Chronister v. Baptist Health, 2006 U.S.App.LEXIS 7178 (8th Cir. 3/23/2006). Chronister, a nurse who worked for Baptist Health, a non-profit organization that operates hospitals in Arkansas, was injured in a car accident in 1995 and developed fibromyalgia and other conditions that eventually led her to file for disability benefits in 1997. Unum, the insurer, initially approved the claim; however, benefits were terminated after two years based on the insurer’s conclusion that the disability was primarily due to ”self-reported symptoms,” and was therefore limited to 24 months of payment based on a policy limitation for such impairments. After Unum rejected Chronister’s pre-suit appeal, she brought suit in state court; however, the insurer removed the claim alleging ERISA preemption. Chronister then sought remand, contending the policy was exempt from ERISA as a ”church plan.” The district court denied the remand request but ultimately determined that the application of the self-reported illness limitation was not supported. Both parties appealed.

The 8th U.S. Circuit Court of Appeals first addressed the ”church plan” issue. The plaintiff alleged the plan sponsor was ”controlled by or associated with” the Baptist Church and ”shares common religious bonds and convictions” with the Baptist Church under 29 U.S.C. § 1002(33)(C)(iv). Moreover, there was no election made by the plan sponsor to be covered by ERISA. Unum disagreed, arguing that there were no specific organizational or financial ties between the Baptist Church and the plan sponsor. The court recognized that if the plan was a church plan, it was obligated to remand the case under the authority of Lown v. Continental Cas.Co., 238 F.3d 543 (4th Cir. 2001), and framed the issue:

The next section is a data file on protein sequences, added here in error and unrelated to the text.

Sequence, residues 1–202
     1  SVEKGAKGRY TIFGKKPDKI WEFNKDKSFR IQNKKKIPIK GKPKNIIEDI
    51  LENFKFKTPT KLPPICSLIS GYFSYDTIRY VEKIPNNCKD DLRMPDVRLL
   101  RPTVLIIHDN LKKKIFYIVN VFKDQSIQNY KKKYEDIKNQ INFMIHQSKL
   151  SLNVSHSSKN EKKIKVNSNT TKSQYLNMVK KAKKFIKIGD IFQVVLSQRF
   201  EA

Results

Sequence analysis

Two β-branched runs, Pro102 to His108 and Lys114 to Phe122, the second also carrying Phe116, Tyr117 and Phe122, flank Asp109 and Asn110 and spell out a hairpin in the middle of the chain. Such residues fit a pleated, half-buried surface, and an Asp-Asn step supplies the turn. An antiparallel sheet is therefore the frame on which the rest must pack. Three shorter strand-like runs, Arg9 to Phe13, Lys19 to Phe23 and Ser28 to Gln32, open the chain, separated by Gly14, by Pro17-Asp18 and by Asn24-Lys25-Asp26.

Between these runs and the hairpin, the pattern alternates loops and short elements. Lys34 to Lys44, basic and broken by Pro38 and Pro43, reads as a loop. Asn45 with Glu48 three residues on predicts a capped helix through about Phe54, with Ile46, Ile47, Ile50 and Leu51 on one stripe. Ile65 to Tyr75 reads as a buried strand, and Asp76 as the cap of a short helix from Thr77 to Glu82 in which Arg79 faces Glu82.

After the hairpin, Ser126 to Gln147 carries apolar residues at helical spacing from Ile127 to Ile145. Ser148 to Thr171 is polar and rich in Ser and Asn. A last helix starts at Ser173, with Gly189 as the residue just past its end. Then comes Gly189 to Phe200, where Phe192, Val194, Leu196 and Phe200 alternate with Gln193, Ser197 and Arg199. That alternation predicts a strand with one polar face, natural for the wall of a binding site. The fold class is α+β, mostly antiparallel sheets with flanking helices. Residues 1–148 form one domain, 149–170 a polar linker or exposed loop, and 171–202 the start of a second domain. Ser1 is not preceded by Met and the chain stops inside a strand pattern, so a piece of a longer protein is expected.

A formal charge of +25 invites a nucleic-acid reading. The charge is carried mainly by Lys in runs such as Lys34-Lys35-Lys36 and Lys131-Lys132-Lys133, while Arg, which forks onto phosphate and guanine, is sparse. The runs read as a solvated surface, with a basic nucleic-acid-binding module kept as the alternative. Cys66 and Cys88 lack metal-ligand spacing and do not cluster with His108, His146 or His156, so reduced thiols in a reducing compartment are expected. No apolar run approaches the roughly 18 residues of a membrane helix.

”Church plans are not ERISA plans. ‘The term ”church plan” means a plan established and maintained … for its employees (or their beneficiaries) by a church or by a convention or association of churches which is exempt from tax under section 501 of Title 26.’ 29 U.S.C.A. § 1002(33)(A) (2005). Further, the statute defines church plans to include plans ‘established and maintained for its employees by a church or by a convention or association of churches including a plan maintained by an organization, whether a civil law corporation or otherwise, the principal purpose or function of which is the administration or funding of a plan or program for the provision of retirement benefits or welfare benefits, or both, for the employees of a church or a convention or association of churches, if such organization is controlled by or associated with a church or convention or association of churches….’ 29 U.S.C.A. § 1002(33)(C)(i) (emphasis added). ‘An organization, whether a civil law corporation or otherwise, is associated with a church or a convention or association of churches if it shares common religious bonds and convictions with that church or convention or association of churches.’ 29 U.S.C.A. § 1002(33)(C)(iv). For example, a church controls an organization when a majority of the officers or directors are appointed by a church’s governing board or by officials of a church. 26 C.F.R. § 1.414(e)-1(d)(2). The regulations also state that an organization is associated with a church if it shares common religious bonds and convictions with that church.”

In analyzing the question, the court noted that Baptist Health severed its association with the Arkansas Baptist State Convention in 1966. However, Baptist Health required that its CEO and Board of Directors are required to be Baptist and its management requires the application of Baptist principles – for example, following Baptist principles, elective abortion is not permitted; and in the case of clinical abortions, two physicians and a Baptist chaplain must all concur. The question of ”church plan” status then came down to whether Baptist Health is ”associated with” the Baptist Church because it ”shares common religious bonds and convictions.”